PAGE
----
Rodgers chose to stay at his favorite hotel on 50th—now renamed the Hotel Taft. And though he told a friend he wanted to spend the last of his days “away from that woman” he sent Carrie letters and postcards. In his letters home, he never mentions his dire condition but advises Carrie's brother --at home in Meridian suffering from lung cancer--to go ahead and smoke if it makes him feel good.
During those final sessions made with a small group at RCA’s new studio on East 24th (where Elvis Presley cut “Hound Dog” 23 years later), Rodgers sang from a cot, propped up with pillows to keep him close to the microphone, and joked to the engineer during his frequent breakdowns that he’d continue once he finished "coughing up rubies."
Peer, meanwhile, stayed in Camden to negotiate a new Rodgers contract. He kept Jimmie’s condition a secret from RCA executives (Peer surely welcomed a reason to not be at the sessions in person) but slyly inserted a clause that forbade RCA from destroying the Blue Yodeler’s master recordings. Rodgers finished his sessions with a ballad, “Years Ago,” which he insisted he play alone while standing.
He spent the next morning at Coney Island. On the taxi ride back to the Hotel Taft, Jimmie told the driver he wished to walk the last block since it was such a beautiful day. He took a few steps before he collapsed, steadying himself on a fire hydrant. He was taken to his room where he died that night in his sleep. He was 35. Carrie received the last of his correspondence a few days later.
If we could go Cadillacin’ back then, we could chase the sonic bazaar Jimmie Rodgers knew--big bands with violins and string band blues trios. Fats Kaplin says the only difference between a fiddle and a violin is you don’t spill beer on a violin.
Rodgers recorded from 1927-1933, and his contemporaries included Duke Ellington, George Gershwin, Sol Hoopii, Hoagy Carmichael, Blind Lemon Jefferson, Charlie Poole, Jelly Roll Morton, and of course Armstrong, along with the many itinerant guitar players he met on the road who played “boxes” held together with hide glue and fretted with knives or bottleneck slides.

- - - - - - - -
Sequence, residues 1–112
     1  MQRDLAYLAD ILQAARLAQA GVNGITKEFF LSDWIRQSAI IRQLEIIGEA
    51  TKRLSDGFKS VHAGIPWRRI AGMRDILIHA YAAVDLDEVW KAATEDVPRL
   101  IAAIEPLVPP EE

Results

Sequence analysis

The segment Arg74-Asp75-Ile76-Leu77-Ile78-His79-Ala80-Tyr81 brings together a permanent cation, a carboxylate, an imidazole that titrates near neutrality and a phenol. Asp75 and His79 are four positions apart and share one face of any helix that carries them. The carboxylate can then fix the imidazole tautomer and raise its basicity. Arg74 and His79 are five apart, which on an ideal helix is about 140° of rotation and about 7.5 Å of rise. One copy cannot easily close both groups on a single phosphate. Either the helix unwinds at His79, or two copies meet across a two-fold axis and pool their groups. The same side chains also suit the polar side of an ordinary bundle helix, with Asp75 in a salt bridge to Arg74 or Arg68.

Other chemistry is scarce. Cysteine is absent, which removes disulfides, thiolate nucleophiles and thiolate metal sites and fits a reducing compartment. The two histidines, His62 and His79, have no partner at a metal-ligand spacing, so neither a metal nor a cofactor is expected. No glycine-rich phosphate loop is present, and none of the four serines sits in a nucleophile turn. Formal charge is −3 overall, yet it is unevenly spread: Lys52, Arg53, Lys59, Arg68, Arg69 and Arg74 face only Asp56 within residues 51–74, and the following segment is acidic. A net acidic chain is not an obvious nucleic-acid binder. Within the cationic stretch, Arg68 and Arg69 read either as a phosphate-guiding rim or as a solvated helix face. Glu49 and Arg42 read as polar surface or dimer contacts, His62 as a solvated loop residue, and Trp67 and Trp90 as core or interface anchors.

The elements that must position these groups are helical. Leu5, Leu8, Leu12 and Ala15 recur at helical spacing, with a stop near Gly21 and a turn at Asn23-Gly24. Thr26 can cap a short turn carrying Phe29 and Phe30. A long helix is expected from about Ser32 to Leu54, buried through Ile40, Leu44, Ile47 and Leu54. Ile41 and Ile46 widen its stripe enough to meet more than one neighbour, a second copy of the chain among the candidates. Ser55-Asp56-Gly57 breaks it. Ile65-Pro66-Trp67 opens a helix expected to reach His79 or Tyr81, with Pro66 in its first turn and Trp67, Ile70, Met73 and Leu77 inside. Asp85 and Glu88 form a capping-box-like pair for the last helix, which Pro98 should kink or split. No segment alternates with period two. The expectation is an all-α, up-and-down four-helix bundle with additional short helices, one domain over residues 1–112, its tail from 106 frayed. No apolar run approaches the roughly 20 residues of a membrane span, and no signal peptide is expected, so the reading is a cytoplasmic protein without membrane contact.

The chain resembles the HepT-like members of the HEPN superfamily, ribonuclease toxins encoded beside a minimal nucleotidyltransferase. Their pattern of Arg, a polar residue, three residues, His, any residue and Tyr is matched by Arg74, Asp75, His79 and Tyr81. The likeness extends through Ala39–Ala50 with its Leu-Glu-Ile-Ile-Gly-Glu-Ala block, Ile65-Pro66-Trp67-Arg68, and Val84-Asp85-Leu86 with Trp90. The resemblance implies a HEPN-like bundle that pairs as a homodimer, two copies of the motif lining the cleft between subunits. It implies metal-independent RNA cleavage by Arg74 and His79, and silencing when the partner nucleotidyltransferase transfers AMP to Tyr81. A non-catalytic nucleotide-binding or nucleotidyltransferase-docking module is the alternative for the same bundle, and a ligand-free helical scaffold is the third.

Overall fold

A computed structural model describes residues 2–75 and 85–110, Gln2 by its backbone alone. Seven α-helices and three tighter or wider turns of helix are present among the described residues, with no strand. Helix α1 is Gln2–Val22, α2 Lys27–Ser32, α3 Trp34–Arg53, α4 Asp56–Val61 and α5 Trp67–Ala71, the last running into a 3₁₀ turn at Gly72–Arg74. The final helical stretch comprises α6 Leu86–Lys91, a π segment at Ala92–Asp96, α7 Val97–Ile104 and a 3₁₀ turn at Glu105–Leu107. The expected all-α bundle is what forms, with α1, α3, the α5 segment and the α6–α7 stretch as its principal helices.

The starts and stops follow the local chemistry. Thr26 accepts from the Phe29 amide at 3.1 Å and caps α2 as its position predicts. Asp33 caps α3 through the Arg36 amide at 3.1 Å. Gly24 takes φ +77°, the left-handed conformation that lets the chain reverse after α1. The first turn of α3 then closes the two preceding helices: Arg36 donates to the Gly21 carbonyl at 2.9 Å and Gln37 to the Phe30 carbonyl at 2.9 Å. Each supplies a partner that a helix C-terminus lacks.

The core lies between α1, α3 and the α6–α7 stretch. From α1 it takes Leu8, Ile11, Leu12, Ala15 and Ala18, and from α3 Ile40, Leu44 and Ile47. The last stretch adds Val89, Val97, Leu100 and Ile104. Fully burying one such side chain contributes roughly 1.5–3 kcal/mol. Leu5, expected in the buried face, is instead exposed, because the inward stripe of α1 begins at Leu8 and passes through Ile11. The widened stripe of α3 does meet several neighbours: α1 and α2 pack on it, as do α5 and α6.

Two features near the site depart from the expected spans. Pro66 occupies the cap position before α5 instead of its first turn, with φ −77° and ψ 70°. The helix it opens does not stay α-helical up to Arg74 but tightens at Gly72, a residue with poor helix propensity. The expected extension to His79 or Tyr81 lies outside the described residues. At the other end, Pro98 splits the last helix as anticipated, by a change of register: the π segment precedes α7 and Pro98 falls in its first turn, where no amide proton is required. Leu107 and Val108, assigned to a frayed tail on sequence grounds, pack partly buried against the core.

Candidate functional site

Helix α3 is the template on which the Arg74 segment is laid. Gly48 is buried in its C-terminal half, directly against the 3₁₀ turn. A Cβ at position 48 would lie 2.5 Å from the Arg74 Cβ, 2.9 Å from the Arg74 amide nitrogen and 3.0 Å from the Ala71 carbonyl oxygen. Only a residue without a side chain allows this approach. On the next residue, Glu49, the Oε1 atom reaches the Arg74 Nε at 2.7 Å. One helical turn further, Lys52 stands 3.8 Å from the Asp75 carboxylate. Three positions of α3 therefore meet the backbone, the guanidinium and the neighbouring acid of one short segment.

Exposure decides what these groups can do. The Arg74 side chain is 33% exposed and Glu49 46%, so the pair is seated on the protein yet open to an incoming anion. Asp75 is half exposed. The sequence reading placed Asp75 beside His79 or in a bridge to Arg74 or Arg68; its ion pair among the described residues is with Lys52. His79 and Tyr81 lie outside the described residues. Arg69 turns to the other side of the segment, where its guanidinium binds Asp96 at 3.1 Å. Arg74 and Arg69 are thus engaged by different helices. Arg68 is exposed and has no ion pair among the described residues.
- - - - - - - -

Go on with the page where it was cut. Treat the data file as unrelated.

To make your own bottleneck slide, find a bottle with a long thin neck. See how deep your pinky can go in the bottle and mark that spot. Then, soak a long piece of string in kerosene; tie it around the bottle at the spot where you marked the depth of your finger. Strike a match and set the string on fire. After it burns, the bottle should break off at the point where you tied the string. Take some sandpaper to smooth the edges.
Jimmie Rodgers was the first American stylist of the modern age, forging together all its native sounds-- folk tales, western dreams, pop, blues, and old home serenades. In song, he could be anyone: truth teller, liar, patriot, bum, gent, lover, fighter, cop, poet, and pal. He could transform a lyric of his own or from many other sources into a personal parable. Jimmie didn’t write “TB Blues” or “Waiting On A Train,” but he made them seem autobiographical and those songs and dozens of others were assumed to be so by his fans. It was a style probably inspired by the new truth-telling songs heard in popular African-American led traveling shows.
Many of my favorite artists like Leadbelly, Robert Johnson, Mississippi John Hurt, and Howlin’ Wolf, recognized Jimmie Rodgers as both a kindred spirit and a model of a superlative entertainer, performing his songs or re-assembling them to make their own compositions. “And then my man that I dug, that I really dug, that I got my yodel from, was Jimmie Rodgers in his time,” Howlin’ Wolf told Topper Carew in 1970. “See he yodeled and I turned it into my howl…ooohhh.”
Perhaps the first lines of a true Jimmie Rodgers’ autobiography—his own Meridian Rising-- would have read something like Ponyboy’s soliloquy that begins S.E. Hinton’s The Outsiders: “When I stepped out into the bright sunlight from the darkness of the movie house, I had only two things on my mind: Paul Newman and a ride home.” But in Jimmie’s story he'd be walking out of the Ritz having just seen Bessie Smith in St. Louis Blues. But then Chuck D. or Sam Cooke or Elvis Presley might have begun their story that way, too, as could Billy Bragg or Jon Langford.
So now, ladies and gentleman, the tales you’re about to hear are honest but not necessarily true. This is show business after all. So step right up. It’s all on the inside.
Barry Mazor's Meeting Jimmie Rodgers and Ralph Peer and the Making of Popular Roots Music
Nolan Porterfield's Jimmie Rodgers: The Life and Times of America's Blue Yodeler
Steve Forbert, Country Music Hall of Fame
C.F. Martin Guitars with appreciation to Dick Boak
Sam Phillips quote courtesy of Sound On Sound
and Carrie Rodgers, author of My Husband, Jimmie Rodgers